Translated by R.S. Rudder, copyrighted by Robert S. Rudder.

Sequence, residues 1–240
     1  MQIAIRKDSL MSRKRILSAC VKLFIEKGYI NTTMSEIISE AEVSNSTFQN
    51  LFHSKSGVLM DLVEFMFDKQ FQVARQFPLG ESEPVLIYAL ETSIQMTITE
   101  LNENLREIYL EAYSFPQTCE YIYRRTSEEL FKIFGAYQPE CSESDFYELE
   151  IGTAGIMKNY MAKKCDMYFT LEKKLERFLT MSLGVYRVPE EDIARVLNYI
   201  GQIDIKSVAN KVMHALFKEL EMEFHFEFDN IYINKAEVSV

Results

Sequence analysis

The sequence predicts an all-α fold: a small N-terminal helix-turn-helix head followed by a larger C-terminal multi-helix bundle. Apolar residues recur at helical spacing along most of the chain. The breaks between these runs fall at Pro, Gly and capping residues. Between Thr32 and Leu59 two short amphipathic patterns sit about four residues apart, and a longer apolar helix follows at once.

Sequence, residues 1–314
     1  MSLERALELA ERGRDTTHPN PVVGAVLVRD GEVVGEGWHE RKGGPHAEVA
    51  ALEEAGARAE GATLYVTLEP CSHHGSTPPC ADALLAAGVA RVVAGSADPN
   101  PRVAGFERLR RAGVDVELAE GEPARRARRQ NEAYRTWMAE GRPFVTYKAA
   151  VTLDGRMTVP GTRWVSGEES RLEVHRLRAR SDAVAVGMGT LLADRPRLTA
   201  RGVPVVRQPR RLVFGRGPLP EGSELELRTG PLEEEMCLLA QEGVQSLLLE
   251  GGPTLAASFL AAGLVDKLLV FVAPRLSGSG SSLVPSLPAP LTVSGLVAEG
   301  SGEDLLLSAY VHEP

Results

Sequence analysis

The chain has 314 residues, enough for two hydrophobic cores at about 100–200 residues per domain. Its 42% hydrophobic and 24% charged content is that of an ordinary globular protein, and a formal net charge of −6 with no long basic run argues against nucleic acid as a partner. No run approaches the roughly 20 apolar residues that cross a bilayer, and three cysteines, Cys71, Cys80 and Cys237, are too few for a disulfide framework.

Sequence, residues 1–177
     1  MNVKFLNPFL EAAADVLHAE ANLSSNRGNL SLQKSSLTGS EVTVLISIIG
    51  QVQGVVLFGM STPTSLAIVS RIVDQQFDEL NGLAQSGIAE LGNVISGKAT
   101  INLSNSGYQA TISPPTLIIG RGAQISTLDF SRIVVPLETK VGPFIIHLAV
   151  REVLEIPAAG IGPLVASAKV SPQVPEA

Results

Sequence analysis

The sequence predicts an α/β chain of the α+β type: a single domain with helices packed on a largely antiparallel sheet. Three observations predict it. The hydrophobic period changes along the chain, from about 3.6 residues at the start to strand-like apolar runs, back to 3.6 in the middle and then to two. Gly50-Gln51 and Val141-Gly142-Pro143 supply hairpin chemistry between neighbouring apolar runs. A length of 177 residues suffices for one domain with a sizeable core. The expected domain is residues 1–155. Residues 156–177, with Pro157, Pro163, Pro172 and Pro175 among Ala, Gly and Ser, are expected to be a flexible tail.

ages, taken from the "Guy of Warwick" romance, there is no book in English from which this one has been translated. As for the translation into Portuguese, there is no book about Tirant in that language. So why does Martorell tell us all this? (Although, as we have noted, other novels of chivalry speak of themselves as "translations", all were printed after the publication of Tirant lo Blanc.) Is this novel then, which Cervantes so admired, also presenting us with a "true history" which has been "translated" in a way similar to the Quixote? Within Tirant lo Blanc we also find allusions to historians who have "originally" set these words down. For example: "Here the book returns to the emperor..." "Hippolytus... performed singular acts of chivalry which this book does not relate, but defers to the books that were written about him." Is there any difference between this and the statements of Cervantes about his characters? ("Here Cide Hamete Benengeli leaves him for an instant and returns to Don Quixot